The Trans-Tasman Mutual Recognition Admission Regulations 2008 can be found on the New Zealand Council of Legal Education website.
If you are a lawyer holding a current practising certificate in an Australian state or territory and seek to practise in New Zealand you must follow a two-step process under the Trans-Tasman Mutual Recognition Act 1997 (TTMRA).
The first step is admission as a barrister and solicitor in the High Court. It is not possible in New Zealand to be admitted only as a barrister or only as a solicitor. You will be admitted as both, but will hold a practising certificate either as a barrister or as a barrister and solicitor.
The second step is the issuing of a practising certificate by the New Zealand Law Society. Both High Court Registrars and the Society are registration authorities under the TTMRA.
There are 19 High Court registries in New Zealand. Choose one to file with.
To start the process you need to file the following:
You must also file:
Admission can be in person or on the papers (see rule 8(3) of the LCA (Lawyers: Admission) Rules 2008). Advise the Registrar which option you prefer.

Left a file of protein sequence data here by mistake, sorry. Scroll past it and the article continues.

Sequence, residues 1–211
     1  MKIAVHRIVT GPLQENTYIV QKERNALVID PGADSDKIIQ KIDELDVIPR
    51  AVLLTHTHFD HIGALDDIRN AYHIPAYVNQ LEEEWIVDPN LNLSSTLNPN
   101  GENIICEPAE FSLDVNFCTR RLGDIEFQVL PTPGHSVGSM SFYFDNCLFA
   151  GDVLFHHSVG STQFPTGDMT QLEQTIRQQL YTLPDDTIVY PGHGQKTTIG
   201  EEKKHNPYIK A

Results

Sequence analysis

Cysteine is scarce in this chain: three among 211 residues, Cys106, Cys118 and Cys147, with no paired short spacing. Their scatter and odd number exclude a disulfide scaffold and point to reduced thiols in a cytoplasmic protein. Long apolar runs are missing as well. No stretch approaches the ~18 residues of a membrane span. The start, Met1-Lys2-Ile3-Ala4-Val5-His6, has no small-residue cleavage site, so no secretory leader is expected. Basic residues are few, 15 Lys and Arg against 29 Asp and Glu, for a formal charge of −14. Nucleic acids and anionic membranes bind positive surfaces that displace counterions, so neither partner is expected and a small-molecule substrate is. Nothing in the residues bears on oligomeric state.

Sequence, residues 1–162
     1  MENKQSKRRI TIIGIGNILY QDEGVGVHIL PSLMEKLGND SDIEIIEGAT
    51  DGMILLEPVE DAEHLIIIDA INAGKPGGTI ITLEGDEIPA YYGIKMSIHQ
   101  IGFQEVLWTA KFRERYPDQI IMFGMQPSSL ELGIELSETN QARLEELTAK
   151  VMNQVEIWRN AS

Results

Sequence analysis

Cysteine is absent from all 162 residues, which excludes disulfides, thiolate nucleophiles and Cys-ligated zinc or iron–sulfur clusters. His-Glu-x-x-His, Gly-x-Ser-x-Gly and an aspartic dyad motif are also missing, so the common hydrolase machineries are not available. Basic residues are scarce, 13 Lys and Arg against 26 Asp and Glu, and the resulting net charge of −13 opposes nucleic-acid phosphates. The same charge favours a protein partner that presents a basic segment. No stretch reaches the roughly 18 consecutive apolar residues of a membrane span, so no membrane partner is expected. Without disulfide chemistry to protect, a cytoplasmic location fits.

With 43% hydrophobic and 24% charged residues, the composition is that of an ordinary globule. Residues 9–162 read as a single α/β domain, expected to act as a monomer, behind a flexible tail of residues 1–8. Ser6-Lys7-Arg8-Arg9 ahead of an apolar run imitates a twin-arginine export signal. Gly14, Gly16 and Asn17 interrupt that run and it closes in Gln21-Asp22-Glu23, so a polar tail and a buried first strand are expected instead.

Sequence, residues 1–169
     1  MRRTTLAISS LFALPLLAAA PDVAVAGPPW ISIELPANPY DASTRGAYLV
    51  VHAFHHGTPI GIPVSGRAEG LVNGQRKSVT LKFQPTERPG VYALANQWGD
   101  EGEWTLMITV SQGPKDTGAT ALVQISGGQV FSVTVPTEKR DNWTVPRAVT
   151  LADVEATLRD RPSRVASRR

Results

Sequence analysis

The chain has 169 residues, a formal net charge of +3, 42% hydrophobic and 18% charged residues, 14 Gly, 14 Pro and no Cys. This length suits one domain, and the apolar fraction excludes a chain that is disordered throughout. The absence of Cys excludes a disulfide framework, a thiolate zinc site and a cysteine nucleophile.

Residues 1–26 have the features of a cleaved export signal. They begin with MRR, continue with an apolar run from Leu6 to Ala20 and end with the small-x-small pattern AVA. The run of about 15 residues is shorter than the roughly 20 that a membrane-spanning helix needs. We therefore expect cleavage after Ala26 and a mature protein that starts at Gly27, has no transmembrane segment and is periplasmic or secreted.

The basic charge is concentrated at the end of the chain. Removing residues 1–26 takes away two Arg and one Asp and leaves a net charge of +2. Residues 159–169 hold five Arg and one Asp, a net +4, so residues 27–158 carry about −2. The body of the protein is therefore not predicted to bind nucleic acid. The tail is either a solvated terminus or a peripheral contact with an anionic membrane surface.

The High Court Rules 2016 require that the name of the Registry on the documents filed appears in both English and Te Reo Māori. A list of of Registry names in Te Reo Māori may be found on the New Zealand Legislation website.
Once you have been admitted, apply to the Law Society for a practising certificate. This must be for an 'equivalent occupation' to that which you practise in Australia. A chart on equivalency of occupations is in Schedule 3 of the TTMRA Regulations 2008. This shows whether you may practise as a barrister or as a barrister and solicitor.
Your application must include:
Once you have submitted your application, you are deemed to be registered and you are entitled to practise the 'equivalent occupation', pending the Law Society decision and payment. Your deemed registration will cease, however, if the Law Society cancels or suspends it, or if you cease to hold a current practising certificate in any Australian jurisdiction.
The Law Society will consider your application on the papers. It may make further inquiries but must, within one month, decide whether to grant, grant conditionally, postpone (for up to six months) or refuse the grant of a practising certificate.
You will receive notice of the decision in writing. If your application is refused or postponed reasons will be given and you will be entitled to apply to the Trans-Tasman Occupations Tribunal for a review of that decision.
Please note applications for Admission are Civil proceedings in the High Court commenced by way of originating application, and as such all documents filed in the High Court must comply with the High Court Rules 2016. Please check the legislation for any updated amendments.
Note: When practising as a lawyer in New Zealand, whether you are deemed to be registered here or hold a New Zealand practising certificate, you are subject to the Lawyers and Conveyancers Act 2006 and the regulations and rules made under it.